Muscles, nerves, blood vessels, ligaments, and tendons can all be affected by musculoskeletal disorders (MSD). Lifting heavy objects, stooping, reaching high overhead, pushing and pushing large loads, working in unusual positions, and repetitively performing the same or similar activities are all risk factors for workers in various sectors and vocations. The risk of injury to workers increased significantly for them when exposed to established MSD risk factors.
Benefits of Ergonomics Awareness Training
The good news is that MSDs caused by work are preventable. Ergonomics, or the science of fitting a task to a person, minimizes muscular fatigue, boosts productivity, and lowers the frequency and severity of work-related MSDs.
How Musculoskeletal Disorders Impact the Workplace
Work-related MSDs are one of the most common reasons for missed or reduced working hours. MSD cases made up 33% of all worker injuries and sickness cases in 2013, per the Bureau of Labor Statistics (BLS).
Developing a Process for Protecting Employees
Employers are obligated to make sure that their employees work in a healthy and safe environment. By implementing ergonomic principles in the workplace, the quantity and severity of MSDs caused by physical overexertion and their associated expenses significantly decreased.
In high-risk industries like manufacturing, food processing, firefighting, office work, medical, transportation, and logistics, implementing an ergonomic procedure is beneficial in decreasing the risk of MSDs. An ergonomic approach should have the following elements:
Offers Management Support
The overall effectiveness of an ergonomic system depends on management’s firm commitment to its implementation. Leaders should develop clear ergonomic goals and objectives, address them with employees, delegate responsibilities to designated employees, and communicate appropriately with their workers.
The effective ergonomic process is a participatory strategy in which workers are closely engaged in worksite assessments, solution creation, and implementation. Workers must be able to:
- Identify and communicate critical information regarding workplace hazards.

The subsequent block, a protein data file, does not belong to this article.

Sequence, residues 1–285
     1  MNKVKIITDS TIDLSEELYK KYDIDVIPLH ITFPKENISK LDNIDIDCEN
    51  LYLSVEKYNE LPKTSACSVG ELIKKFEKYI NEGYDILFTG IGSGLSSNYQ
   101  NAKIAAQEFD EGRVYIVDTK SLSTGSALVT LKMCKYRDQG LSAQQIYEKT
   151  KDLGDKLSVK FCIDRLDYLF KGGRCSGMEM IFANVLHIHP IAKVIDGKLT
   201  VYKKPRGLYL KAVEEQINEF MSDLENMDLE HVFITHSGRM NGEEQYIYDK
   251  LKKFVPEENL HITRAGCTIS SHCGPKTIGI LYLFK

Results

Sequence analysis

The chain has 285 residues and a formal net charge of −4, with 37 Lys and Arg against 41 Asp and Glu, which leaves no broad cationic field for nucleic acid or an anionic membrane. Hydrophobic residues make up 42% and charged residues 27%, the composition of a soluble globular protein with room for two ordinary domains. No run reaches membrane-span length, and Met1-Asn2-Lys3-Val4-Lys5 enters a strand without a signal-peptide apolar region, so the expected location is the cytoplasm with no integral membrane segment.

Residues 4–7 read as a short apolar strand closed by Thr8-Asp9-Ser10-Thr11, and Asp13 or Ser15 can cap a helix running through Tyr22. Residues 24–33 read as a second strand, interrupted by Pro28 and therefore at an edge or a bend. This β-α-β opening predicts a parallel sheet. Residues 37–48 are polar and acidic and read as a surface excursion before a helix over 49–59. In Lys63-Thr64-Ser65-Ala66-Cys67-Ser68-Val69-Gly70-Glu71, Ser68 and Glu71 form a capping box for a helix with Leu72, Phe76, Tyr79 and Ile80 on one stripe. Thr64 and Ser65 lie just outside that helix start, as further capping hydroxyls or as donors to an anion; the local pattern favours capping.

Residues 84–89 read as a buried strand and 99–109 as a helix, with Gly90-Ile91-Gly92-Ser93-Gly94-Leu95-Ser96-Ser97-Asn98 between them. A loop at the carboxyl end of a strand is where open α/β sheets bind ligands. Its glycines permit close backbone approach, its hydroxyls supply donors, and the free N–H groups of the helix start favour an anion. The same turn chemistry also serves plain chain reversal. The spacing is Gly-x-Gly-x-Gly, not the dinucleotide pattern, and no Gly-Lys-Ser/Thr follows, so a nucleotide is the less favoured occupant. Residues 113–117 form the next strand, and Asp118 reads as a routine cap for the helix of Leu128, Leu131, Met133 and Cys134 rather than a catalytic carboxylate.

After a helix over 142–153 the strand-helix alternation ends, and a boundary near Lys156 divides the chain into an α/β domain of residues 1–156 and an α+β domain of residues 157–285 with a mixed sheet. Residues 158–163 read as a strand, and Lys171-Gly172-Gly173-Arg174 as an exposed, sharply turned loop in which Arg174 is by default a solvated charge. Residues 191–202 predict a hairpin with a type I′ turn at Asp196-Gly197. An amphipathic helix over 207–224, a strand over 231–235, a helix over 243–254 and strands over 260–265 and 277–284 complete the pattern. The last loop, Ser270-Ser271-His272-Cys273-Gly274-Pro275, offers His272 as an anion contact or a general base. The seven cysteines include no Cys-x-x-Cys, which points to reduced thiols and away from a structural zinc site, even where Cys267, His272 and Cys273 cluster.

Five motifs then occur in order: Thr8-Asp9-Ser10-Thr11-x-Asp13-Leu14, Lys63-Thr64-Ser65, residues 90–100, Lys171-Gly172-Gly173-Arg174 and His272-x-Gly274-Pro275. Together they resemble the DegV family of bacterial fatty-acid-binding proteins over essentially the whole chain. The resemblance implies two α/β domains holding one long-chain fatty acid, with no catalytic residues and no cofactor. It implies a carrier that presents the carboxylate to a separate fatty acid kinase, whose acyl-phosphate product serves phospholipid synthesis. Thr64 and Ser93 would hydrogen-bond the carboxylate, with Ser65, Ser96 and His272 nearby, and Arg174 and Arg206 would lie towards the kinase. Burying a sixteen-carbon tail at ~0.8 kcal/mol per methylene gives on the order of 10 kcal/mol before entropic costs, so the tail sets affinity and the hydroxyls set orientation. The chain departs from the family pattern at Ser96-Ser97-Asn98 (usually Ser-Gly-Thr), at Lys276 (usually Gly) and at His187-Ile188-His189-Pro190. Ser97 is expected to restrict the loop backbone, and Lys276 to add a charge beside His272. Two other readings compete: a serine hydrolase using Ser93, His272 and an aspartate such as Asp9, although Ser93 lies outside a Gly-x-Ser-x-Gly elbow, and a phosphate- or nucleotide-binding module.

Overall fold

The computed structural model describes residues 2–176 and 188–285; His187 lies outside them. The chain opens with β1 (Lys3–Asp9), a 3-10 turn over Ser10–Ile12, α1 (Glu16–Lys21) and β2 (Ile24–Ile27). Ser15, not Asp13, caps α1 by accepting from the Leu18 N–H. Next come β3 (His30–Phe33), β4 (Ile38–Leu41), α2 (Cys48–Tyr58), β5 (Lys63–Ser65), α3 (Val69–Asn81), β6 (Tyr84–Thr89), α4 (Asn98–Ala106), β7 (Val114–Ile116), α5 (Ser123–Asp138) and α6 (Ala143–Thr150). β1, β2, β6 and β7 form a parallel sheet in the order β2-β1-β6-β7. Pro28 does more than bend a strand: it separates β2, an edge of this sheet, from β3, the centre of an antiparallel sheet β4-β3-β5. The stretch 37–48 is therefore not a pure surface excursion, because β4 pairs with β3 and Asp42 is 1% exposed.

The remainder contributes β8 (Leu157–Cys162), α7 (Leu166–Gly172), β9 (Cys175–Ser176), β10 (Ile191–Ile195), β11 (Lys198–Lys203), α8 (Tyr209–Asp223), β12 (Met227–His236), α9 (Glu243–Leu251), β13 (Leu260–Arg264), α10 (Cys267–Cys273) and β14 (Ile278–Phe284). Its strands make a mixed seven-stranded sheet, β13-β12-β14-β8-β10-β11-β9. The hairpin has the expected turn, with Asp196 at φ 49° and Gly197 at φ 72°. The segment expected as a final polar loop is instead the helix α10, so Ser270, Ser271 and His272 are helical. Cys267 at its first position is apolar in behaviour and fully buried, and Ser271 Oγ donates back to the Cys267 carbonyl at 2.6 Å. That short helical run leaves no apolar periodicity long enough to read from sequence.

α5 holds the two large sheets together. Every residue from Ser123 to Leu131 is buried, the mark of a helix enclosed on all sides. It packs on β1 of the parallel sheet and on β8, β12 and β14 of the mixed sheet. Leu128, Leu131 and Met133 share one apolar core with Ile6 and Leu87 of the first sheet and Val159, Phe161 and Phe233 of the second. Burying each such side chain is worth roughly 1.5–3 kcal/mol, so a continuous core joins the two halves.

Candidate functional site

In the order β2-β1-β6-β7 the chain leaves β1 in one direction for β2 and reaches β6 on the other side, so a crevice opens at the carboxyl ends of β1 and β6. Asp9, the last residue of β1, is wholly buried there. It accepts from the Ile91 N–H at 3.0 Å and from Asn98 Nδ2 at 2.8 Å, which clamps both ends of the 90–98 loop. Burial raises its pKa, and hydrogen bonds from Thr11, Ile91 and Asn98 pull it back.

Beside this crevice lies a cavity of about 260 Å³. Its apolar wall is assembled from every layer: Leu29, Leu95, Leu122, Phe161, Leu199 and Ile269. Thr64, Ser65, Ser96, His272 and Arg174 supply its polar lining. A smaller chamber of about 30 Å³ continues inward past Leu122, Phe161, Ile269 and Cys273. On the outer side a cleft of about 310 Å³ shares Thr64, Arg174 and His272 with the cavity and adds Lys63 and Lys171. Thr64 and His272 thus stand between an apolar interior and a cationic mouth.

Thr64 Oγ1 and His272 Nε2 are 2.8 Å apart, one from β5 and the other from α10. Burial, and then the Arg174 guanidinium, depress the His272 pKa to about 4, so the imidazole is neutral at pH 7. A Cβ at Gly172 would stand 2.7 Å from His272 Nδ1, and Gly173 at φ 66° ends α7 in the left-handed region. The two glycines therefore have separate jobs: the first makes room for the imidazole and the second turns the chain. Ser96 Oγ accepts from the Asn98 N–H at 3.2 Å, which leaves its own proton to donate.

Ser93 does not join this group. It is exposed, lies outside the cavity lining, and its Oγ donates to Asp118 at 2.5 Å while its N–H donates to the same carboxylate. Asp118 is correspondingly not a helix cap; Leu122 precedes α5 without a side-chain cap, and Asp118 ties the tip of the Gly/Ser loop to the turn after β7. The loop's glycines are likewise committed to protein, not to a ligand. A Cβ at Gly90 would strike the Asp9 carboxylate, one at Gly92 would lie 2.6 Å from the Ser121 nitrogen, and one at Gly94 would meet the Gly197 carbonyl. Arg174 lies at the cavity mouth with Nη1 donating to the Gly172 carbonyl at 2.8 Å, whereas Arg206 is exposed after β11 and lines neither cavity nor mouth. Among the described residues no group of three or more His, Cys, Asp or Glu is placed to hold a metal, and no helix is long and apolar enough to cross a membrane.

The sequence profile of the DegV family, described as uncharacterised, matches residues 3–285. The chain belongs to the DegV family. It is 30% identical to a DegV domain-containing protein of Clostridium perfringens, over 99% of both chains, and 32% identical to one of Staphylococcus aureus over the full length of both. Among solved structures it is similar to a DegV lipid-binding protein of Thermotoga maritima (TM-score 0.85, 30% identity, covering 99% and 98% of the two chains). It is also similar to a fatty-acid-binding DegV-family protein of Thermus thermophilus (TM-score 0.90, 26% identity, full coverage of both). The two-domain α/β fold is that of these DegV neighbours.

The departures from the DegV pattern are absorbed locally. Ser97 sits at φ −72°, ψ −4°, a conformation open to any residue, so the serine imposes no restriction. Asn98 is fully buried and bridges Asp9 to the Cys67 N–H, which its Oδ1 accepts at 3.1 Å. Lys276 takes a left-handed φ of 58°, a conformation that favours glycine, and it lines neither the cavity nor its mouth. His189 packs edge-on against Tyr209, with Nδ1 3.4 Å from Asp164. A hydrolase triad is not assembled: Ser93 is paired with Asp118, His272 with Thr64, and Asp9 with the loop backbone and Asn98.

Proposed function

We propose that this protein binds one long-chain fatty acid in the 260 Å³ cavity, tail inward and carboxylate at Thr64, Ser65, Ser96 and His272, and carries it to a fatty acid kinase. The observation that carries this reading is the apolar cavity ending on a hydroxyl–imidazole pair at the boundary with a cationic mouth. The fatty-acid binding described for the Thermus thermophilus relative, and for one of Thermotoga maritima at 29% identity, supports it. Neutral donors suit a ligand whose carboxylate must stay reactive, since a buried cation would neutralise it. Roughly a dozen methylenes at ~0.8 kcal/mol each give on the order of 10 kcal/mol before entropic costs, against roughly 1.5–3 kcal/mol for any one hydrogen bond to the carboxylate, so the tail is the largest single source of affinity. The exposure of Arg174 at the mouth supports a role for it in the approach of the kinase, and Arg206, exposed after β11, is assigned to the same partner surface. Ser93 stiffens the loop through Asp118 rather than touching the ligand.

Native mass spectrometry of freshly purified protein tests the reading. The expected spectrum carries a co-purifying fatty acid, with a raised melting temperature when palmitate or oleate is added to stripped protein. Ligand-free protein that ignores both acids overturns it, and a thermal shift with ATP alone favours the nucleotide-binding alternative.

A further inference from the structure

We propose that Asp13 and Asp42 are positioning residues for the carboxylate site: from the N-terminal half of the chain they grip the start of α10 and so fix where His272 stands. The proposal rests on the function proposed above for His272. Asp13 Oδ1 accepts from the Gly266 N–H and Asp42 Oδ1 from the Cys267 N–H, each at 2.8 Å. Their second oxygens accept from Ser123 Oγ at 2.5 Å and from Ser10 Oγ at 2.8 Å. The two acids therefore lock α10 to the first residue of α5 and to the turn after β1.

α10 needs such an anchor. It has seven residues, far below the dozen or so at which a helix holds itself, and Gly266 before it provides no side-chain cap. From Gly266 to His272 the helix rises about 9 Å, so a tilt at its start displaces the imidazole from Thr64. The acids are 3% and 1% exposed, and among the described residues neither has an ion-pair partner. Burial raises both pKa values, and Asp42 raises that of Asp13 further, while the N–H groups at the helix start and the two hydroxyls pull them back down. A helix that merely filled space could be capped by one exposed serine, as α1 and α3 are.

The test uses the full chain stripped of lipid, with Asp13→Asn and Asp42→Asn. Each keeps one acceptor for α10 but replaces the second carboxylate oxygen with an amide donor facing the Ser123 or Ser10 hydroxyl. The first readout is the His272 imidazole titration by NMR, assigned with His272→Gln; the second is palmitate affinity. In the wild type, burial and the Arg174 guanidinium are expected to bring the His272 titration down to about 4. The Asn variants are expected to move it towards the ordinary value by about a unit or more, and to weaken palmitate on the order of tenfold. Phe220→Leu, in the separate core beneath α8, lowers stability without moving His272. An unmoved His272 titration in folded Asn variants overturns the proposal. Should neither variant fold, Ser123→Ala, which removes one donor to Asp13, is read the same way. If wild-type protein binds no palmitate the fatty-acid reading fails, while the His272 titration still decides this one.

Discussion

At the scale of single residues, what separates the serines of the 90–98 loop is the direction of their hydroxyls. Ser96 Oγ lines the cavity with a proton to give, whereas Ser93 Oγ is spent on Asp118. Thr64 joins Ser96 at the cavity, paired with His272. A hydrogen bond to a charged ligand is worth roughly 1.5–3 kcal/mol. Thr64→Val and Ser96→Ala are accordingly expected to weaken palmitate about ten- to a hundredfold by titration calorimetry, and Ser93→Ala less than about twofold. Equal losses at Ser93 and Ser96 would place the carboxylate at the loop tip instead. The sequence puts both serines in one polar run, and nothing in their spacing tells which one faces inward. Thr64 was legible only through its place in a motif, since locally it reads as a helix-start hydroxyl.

- Assist in the ergonomic process by expressing their concerns, making suggestions for minimizing risk factors, and examining the adjustments made due to an ergonomic assessment.
A crucial part of the ergonomic process is education. It ensures that employees are made aware of ergonomics and its benefits, are advised of ergonomics-related workplace hazards, and are mindful of the significance of reporting early MSD symptoms.
Identifying and assessing ergonomic problems in the workplace before they lead to MSDs is crucial in the ergonomic process.
Encourage MSD Symptoms to Be Reported Early
Early reporting can help speed up the job evaluation and improvement process, preventing or reducing the progression of symptoms, the development of significant injuries, and the resulting lost-time claims.
Employ Strategies to Regulate Risks
Numerous solutions may be adopted to reduce, control, or eradicate MSDs in the workplace.
To maintain the ergonomic process’s continual improvement and long-term success, established evaluation and corrective action methods must be used to analyze its efficacy regularly. When developing an ergonomic process, develop assessments to determine if the process’s goals are being accomplished or not and if the adopted ergonomic solutions succeed.
An effective ergonomic process is a crucial factor in reducing MSDs in the workplace. Employers should use their discretion to establish an ergonomics process that fits their unique working environment, ensuring that workers understand their roles in it and can identify potential hazards. The best option to improve safety in the workplace and prevent musculoskeletal disorders injuries is to offer Ergonomics Awareness Training.